image file: c9se00248k-f2.tif
Fig. 2 Typical JV curves (a) of a silicon-(100 nm ALD TiO2 and RuOx) and (b) of a Cu2O-(20 nm ALD Ga2O3, 100 nm ALD TiO2 and RuOx) based standard device, under white light illumination of 10% sun.

image file: c9se00248k-f3.tif
Fig. 3 Logarithm of the photocurrent of the devices presented in Fig. 2: (a) Si- and (b) Cu2O-based standard devices (light intensity of 10%); resistances from the EIS fitting procedure of the (c) Si- and (d) Cu2O-based standard devices; (e) EC model used to fit the EIS data (for the silicon devices the RC element of Rinter is omitted as it was not present).

Comparing the different resistances determined for the Si and Cu2O devices by EIS analysis (see Nyquist and Bode plots in Fig. S6 and S7 as well as Table S1 for associated frequencies), we can also observe three distinct potential regions, which coincide with those of the photocurrent plots (Fig. 3c and d). Furthermore, clear similarities in the potential dependent behavior of the resistances can be noted between the different photocathode types. The low frequency resistance RCT (charge transfer resistance) has a strong potential dependence for both photocathode types. Also, RTiO2 and RSC (related to the TiO2 layer and the recombination resistance inside the semiconductor junction, respectively) show clear changes with applied potential. Rinter (discussed in detail below), in contrast, is only present in the Cu2O-based devices and is rather constant with potential, though showing a valley at ∼0.6 V vs. RHE and another one at ∼1.2 V vs. RHE.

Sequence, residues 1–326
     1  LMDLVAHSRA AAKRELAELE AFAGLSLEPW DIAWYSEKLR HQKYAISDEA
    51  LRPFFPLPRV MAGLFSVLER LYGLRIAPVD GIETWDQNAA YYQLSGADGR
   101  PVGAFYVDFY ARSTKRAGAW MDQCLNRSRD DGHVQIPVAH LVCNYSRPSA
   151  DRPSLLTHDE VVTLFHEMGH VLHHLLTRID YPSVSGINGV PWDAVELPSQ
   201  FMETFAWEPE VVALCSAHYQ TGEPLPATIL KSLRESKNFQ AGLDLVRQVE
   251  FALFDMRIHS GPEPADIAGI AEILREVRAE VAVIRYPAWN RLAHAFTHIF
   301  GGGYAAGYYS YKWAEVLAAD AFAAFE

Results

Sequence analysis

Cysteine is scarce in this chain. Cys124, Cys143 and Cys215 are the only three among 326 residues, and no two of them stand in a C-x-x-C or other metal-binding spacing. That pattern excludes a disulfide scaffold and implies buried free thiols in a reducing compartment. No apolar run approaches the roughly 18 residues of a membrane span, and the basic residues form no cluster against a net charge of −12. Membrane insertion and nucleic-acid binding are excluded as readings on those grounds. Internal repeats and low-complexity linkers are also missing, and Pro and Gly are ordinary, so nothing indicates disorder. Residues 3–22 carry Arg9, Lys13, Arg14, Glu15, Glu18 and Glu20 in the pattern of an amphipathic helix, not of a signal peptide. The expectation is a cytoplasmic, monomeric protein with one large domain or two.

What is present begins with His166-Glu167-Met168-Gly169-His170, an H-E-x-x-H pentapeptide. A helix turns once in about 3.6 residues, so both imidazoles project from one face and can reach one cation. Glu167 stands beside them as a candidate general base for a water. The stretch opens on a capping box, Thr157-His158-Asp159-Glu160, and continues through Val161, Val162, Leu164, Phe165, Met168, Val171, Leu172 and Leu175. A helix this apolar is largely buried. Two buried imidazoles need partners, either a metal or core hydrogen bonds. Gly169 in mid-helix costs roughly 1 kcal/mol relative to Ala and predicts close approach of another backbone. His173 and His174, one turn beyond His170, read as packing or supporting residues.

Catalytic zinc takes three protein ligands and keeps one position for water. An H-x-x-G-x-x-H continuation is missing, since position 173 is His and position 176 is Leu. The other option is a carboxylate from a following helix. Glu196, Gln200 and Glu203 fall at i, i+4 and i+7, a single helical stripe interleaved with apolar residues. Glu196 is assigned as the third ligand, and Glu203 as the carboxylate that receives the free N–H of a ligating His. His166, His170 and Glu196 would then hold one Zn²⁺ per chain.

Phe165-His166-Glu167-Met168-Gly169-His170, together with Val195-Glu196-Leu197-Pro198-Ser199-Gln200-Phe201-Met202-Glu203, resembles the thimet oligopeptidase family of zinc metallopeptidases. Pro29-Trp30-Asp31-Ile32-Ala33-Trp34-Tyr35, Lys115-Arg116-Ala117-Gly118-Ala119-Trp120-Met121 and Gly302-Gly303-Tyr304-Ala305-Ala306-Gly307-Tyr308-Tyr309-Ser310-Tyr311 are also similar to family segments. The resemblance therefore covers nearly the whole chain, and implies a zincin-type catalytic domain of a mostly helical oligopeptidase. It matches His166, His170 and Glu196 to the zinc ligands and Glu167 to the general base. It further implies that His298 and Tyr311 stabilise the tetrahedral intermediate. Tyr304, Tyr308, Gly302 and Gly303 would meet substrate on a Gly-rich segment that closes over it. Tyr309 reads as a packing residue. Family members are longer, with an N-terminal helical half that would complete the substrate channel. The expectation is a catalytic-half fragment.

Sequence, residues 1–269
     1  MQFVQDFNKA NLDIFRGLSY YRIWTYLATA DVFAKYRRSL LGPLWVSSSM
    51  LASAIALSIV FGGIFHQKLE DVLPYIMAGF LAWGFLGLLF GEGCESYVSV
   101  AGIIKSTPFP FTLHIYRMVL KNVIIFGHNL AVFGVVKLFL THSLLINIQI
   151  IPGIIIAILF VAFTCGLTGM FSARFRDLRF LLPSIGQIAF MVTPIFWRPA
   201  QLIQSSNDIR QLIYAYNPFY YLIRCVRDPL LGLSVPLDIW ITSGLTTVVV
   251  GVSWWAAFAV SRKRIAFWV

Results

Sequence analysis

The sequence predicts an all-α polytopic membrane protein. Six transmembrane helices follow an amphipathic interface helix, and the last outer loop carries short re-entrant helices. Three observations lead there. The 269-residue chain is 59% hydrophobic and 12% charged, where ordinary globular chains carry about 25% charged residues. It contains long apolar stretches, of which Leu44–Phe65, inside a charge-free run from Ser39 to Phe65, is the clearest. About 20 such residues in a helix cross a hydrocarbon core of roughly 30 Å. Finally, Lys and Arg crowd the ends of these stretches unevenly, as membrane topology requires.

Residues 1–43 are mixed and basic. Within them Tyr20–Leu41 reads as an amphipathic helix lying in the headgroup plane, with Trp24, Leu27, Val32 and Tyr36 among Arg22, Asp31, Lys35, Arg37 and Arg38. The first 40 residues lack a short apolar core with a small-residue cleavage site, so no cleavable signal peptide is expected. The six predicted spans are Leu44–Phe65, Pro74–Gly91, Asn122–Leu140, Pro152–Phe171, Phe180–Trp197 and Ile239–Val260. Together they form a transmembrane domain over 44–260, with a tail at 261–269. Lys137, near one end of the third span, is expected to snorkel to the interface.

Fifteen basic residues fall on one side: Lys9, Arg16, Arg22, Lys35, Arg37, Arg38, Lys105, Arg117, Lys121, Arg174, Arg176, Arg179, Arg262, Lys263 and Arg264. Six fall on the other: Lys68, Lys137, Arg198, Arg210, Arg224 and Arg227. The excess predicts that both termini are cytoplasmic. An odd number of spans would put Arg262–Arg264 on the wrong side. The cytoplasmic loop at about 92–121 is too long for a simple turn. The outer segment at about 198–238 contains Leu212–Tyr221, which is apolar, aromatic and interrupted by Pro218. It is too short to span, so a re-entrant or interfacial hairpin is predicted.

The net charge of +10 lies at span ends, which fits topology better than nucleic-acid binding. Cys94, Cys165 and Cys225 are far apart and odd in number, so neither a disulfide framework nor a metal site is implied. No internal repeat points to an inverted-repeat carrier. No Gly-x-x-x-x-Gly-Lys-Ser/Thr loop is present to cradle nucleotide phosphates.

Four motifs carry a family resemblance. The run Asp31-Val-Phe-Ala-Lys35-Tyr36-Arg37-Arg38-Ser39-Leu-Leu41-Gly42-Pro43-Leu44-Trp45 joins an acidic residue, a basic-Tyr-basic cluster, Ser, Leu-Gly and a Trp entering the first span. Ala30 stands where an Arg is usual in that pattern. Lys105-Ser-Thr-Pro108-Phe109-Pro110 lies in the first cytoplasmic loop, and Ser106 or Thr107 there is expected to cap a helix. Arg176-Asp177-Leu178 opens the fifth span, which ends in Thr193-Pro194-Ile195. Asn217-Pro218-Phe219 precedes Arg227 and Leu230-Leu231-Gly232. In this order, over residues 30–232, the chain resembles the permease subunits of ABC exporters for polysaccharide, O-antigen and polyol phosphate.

The similarities between the resistances of the different photocathodes are even more evident when accounting for the different photovoltages in each system: after shifting the data to give the same quasi-Fermi level of electrons (set by the onset of the hydrogen evolution current as determined by RCT at the beginning of region III), the JV curves and extracted resistances of the Si and Cu2O devices overlap with one another, enabling a direct comparison (Fig. S8). The detection of the onset potential via RCT is more sensitive as compared to the extrapolation of the photocurrent to the voltage axis or by setting an arbitrary (low) photocurrent as a measure.

The low frequency resistance, RCT, mirrors the shape of the JV curves in potential region III (Fig. 3c and d) and represents the hydrogen-generating charge transfer over the hydrogen evolving catalyst (HEC) into the electrolyte solution (RCT–H2 in Fig. 4). Prior to the onset of hydrogen evolution in potential region II, RTiO2 shows a deviation from exponential behavior representing the increased current flow for the HEC reduction (Fig. S9). In part of this potential region, RCT is convoluted with RTiO2. For the Si-based devices, the separation of RCT and RTiO2 could be achieved by extrapolating an exponential decrease of RTiO2 and subtracting it in the potential region of the first HEC reduction (RCT–RuOx in Fig. 4). In the case of the Cu2O devices, the separation did not yield reliable results due to the interference with the additional resistance Rinter.